A debt-free Alberta could soon be borrowing billions to pay for infrastructure projects in order to create jobs in an economy that has been rocked in recent months, says Premier Ed Stelmach.
Stelmach said the government should look into taking advantage of low interest rates by borrowing $6 billion to help the province catch up with its infrastructure projects.
He said it’s an ideal time to do it when the province has a triple-A credit rating — a rating better than the federal government’s.
“Why wouldn’t we do it — it’s a good business decision,” said Stelmach, after being questioned by Alberta Liberal finance critic Dave Taylor during question period yesterday.
“This is like putting money in between the mattresses — we’ll draw on it when our revenues drop and that’s very good planning.”
Quipped?Taylor: “He’s talking about using somebody else’s money from somebody else’s mattress — that would be the taxpayers of Alberta who are going to have to pay this money back with interest.”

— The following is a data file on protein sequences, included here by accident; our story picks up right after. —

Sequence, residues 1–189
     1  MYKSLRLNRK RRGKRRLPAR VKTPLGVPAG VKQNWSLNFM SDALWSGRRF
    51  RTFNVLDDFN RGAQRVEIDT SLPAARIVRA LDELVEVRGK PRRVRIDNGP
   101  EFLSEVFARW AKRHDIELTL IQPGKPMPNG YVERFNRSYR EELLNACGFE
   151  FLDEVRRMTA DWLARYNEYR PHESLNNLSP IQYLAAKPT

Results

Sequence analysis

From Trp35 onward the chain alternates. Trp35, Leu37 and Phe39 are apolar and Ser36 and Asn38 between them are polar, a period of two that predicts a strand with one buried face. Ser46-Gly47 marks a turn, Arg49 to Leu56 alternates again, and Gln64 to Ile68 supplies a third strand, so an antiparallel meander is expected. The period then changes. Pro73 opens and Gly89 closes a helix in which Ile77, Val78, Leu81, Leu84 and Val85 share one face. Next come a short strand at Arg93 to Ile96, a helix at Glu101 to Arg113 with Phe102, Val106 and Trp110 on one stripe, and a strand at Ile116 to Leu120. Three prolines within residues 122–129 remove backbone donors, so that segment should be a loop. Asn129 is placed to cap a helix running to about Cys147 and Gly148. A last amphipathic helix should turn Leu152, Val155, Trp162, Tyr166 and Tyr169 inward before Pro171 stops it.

The talk of borrowing billions came one day after the premier said on a Sunday morning radio show that his provincial government must take advantage of the 0.5 per cent Canadian bank rate.
“If we could borrow money at one, one and a half per cent, it makes good sense because you’re getting a third of the saving on the infrastructure,” Stelmach told the Making Money radio show on CFCW.
Scott Hennig, Alberta director of the Canadian Taxpayers Federation, called Stelmach’s idea “terrible.”
“Debt costs money and debt isn’t free,” he said,
“We’re not borrowing this money for free and government never pays off debt as quickly as they run it up … Didn’t we learn this in the 1980s and 1990s when governments were being pounded with debt repayment costs?”
Alberta was officially declared debt-free in 2004 after then-premier Ralph Klein wiped a $23-billion provincial debt.